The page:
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Sir Alastair Cook: Test cricket has been more ‘exciting’ in recent years

by Wisden Staff 5 minute read

Delivering Test runs at the top of the order in England: is there a tougher job in world cricket at the moment?

A man who knows a thing or two about the role is Sir Alastair Cook, who signed off on his illustrious international career in 2018 with his 33rd and final Test century against India at The Oval in 2018.

But while Cook still managed to average an impressive 40.64 as an opener across his last two home Test summers, the struggles of others have been clear to see. Keaton Jennings averaged 17.72 from 18 innings in England across 2017 and 2018, and Jason Roy couldn’t translate his white-ball excellence to the Test arena in 2019, averaging 8.85 in his seven innings as a Test opener. Those visiting English shores have also endured misery: David Warner mustered just 95 runs from five Tests for Australia during this year’s Ashes series.

Having begun his Test career in 2006, Cook acknowledges that certain factors have emerged over the years to contribute to the plight of opening batters in England.

“Certainly the pitches in England changed,” Cook told the Wisden Cricket Weekly Podcast.  “Over the last few years the tendency to leave grass on the wicket to keep pace in it, to get the ball moving for our seamers which is our world-class strength – if the ball moved for Jimmy [Anderson] and Stuart Broad they were incredibly hard work.

“Our super-strength as an England bowling side would be how many times we hit that perfect length and it’s probably a lot higher than everyone else. We always got 20 wickets.

“When the ball moved we were guaranteed to take 20 wickets and then it was just a case of just having to score one more run than the opposition, which made for exciting cricket.

“It is hard to have continued success against world-class bowlers with the Dukes ball on those things.

“It has made it tough for guys coming in but it goes in cycles. It’s just what it is, you can’t moan about it.”

In that case, should less be expected from those tasked with facing the new ball for England? Cook doesn’t believe so.

“You always want to set world-class standards,” Cook said. “If you offered that to Rory Burns or Dom Sibley or Zak Crawley, that you’re going to average 30 and face 70 balls, I don’t think they would take that. Your job as an opener is to score hundreds. There’s no doubt about it…It’s never going to be easy.”

Cook’s England career coincided with the proliferation of T20 cricket and while batsmen are now spending less time facing the red ball in the nets, he believes the shorter format has actually managed to give Test cricket a new lease of life.

“When I was growing up all I ever watched was Test cricket,” Cook said. “If you played a T20 game at 13 it was still ‘see off the first seven overs’, and now it’s not. Now you have play all the shots in the book to do it. As a young player coming through you’ve got the excitement of T20 or The Hundred or one-day cricket. And that’s a proper aerial game.”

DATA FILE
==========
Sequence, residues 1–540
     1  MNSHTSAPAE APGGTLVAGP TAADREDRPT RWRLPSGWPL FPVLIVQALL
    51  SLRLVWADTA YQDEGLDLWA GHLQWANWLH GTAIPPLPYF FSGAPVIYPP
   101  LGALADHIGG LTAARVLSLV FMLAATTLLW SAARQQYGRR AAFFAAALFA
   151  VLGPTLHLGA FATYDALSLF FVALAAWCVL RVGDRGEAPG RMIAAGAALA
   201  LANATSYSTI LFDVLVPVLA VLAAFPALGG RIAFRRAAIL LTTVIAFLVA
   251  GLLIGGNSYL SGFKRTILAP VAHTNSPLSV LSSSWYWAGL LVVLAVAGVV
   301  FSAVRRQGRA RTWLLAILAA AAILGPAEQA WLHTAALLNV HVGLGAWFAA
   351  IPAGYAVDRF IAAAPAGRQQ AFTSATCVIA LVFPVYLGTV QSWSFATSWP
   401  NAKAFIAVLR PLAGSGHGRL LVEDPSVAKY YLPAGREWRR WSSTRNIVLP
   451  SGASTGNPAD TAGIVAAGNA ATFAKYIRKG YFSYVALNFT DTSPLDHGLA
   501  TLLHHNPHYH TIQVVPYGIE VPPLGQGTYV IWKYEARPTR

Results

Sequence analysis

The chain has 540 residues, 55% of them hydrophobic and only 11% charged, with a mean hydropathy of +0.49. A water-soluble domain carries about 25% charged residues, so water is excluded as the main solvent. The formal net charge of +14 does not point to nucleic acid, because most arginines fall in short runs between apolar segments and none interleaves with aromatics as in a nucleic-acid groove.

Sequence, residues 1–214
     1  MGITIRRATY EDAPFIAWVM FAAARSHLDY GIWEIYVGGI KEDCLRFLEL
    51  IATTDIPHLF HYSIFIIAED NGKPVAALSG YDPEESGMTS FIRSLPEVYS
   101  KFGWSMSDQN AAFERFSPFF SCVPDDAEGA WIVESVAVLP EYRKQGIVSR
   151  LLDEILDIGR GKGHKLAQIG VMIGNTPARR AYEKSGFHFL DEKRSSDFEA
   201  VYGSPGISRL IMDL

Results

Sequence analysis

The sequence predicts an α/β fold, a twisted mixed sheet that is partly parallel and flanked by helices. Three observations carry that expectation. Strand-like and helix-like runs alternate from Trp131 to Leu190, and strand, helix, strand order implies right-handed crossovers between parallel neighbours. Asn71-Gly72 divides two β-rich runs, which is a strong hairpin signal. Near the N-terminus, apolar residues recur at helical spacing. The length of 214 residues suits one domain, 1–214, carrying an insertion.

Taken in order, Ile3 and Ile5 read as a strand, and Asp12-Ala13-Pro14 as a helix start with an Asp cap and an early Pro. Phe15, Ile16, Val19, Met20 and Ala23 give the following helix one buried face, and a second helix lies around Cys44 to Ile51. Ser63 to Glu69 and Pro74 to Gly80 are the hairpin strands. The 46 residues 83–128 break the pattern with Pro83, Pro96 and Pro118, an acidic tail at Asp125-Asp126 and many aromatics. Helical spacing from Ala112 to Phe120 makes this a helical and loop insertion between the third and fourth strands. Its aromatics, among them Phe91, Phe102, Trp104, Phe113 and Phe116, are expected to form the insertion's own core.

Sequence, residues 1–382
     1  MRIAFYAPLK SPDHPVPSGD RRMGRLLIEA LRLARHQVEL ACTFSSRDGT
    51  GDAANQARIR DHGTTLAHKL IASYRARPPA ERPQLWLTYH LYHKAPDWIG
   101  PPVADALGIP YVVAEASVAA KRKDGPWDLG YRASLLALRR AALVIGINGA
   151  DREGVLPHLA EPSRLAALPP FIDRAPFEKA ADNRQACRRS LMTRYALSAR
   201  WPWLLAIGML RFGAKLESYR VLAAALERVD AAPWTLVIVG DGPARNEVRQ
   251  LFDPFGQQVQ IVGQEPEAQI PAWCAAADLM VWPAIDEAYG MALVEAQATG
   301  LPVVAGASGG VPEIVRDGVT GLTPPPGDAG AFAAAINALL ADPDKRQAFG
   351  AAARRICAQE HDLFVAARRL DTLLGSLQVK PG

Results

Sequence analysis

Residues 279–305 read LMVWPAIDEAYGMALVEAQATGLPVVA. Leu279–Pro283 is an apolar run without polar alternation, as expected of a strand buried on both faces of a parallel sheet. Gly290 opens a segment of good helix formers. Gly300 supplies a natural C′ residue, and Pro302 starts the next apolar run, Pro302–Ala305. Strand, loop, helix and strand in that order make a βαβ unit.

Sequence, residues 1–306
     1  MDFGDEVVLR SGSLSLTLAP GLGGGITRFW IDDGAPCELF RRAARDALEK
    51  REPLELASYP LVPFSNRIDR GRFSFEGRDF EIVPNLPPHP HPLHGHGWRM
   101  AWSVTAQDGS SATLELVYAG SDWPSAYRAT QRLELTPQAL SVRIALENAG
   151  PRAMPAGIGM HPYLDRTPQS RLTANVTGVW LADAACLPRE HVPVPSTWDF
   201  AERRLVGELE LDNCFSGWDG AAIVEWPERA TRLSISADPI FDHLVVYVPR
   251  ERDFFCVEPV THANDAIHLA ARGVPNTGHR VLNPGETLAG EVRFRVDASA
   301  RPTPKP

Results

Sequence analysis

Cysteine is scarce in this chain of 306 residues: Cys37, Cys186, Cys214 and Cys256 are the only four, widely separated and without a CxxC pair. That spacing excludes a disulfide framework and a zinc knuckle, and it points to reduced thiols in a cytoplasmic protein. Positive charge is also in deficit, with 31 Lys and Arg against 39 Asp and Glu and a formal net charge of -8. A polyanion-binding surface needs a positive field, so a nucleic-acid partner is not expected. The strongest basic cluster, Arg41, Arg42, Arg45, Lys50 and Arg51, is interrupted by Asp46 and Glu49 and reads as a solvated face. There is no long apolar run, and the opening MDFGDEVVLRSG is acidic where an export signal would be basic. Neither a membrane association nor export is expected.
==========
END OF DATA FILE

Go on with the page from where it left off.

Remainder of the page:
“If you’re looking at players’ development and players’ practice when they’re 14, 15, 16, 17 – if you took my practice it would predominantly be 90 per cent red-ball stuff. Now, even if you split it 50/50 between red- and white-ball cricket, you are reducing the amount of time you’re hitting red balls and your technique is changing. I personally don’t mind it as much as the next generation back, because Test cricket, in my eyes, has gotten more exciting over the last few years. There are less draws…there are more wins and losses which I think is a good thing.”

An opening batsman who has made a strong impression on Cook is Rory Burns, who was called up to England’s Test side after Cook’s retirement. Burns’ 2019 Test summer began in disappointing fashion with 12 runs from two innings against Ireland, but he bounced back with a maiden Test hundred against Australia at Edgbaston, striking 133, before adding two more 50-plus scores over the course of the series.

“It shows the level between county cricket and international cricket,” Cook said. “He did pretty well in Sri Lanka and West Indies on dodgy wickets. They weren’t fun to bat on…Then he played one Test match against Ireland and gets two low scores. That can happen. That happens to every batter. And suddenly you’re looking on Sky Sports and they’re saying – Nasser, I think, had Opener A and Opener B. Didn’t know who was going to play in the Ashes next week.

“It’s incredibly unfair but that’s the scrutiny you go through as an international player. That’s what you sign up for and it’s about how you deal with it. He dealt with the best way possible, by going out the next time he played – and people thought if he’s not going to score runs against Ireland he’s never going to score runs against Australia – and he played a brilliant innings. He faced a huge amount of balls, he was brave, he was gutsy and so was Joe Denly as well. He’ll grow into that role the more and more he plays.”


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